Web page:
Therapeutic Style

My approach is rooted in a psychoanalytic frame, and based on the idea that we all develop ways of viewing the world and ourselves through the different experiences we have. Our thoughts, perspectives, emotions and behaviors develop in a context influenced by multiple intersecting factors. This context is unique to each individual, therefore, each person presents with unique cognitive, emotional, and interpersonal experiences.


My primary role is to support you as we discover together the dynamic nature of your internal world, and the ways in which this informs your interactions with the world outside. I prefer to understand “symptoms” as creative adjustments to life’s many challenges. Our work is not to “fix” you, but rather to support you in developing insight and awareness regarding the ways in which you have adjusted to your unique context. When this context has been impacted by difficult or traumatic experiences, we adjust as well as we can. In relation to these stressful circumstances, our adjustments are adaptive because they enable us to survive and to cope. As life goes on, however, and circumstances change, these responses often remain the same and begin to interfere with our optimal experience of life. Something feels wrong, but we don’t always know what or why. Perhaps we find that we keep having similar problems at work or school, at home, and in other relationships and settings. We may feel lost or stuck, and even guilty for not just “getting over it”.


From my perspective, our task is to help you develop a fuller understanding of yourself, the creative adjustments you've made, and relational themes and patterns that emerge in your life. Some common therapeutic objectives are discovering what is underneath typical symptoms such as depression and anxiety, making connections that support growth and change, and developing an ability to have more satisfying relationships, with others, as well as with yourself.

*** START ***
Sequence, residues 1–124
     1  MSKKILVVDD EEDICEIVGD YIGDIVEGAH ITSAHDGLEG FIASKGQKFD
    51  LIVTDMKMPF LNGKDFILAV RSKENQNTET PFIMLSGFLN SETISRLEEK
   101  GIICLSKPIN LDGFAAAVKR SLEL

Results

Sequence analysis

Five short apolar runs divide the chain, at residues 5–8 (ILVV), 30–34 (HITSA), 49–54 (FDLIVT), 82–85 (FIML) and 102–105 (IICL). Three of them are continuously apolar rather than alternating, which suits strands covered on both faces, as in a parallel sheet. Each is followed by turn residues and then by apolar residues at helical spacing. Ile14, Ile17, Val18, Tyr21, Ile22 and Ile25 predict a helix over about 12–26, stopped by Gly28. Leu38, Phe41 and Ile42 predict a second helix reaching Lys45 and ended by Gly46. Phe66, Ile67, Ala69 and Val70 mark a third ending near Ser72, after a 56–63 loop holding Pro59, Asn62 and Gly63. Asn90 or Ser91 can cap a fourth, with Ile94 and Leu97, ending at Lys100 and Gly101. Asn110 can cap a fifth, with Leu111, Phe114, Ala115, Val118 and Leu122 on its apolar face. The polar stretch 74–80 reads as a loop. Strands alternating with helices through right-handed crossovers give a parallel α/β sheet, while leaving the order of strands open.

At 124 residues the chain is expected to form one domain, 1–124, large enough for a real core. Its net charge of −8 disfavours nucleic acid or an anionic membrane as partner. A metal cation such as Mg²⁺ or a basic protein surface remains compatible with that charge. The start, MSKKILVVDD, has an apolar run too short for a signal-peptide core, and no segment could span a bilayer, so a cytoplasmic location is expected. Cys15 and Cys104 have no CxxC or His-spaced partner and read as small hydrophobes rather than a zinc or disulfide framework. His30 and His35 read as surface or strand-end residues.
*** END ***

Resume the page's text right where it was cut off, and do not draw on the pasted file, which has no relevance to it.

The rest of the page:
As mentioned, my therapeutic approach is primarily informed by psychodynamic and psychoanalytic theory. In practice, this results in an environment where we will focus on how the past is alive in the present, in interactions and experiences both in and outside of therapy. Therapy offers a space where you can have greater connection with yourself in order to heal and work toward personal integration. As this process evolves, many individuals find that presenting symptoms, such as depression or anxiety, are alleviated or become much more manageable. Furthermore, therapy can support you in having a richer, more satisfying life.


It is important to know that because of the emotionally rigorous nature of a depth-oriented psychotherapy, sometimes things can feel worse before getting better. It is also important to know that my style of working does not involve advice-giving or problem solving. This can be difficult at times, but I believe firmly that therapy is most effective when answers and connections emerge from within, through an engaged therapeutic alliance.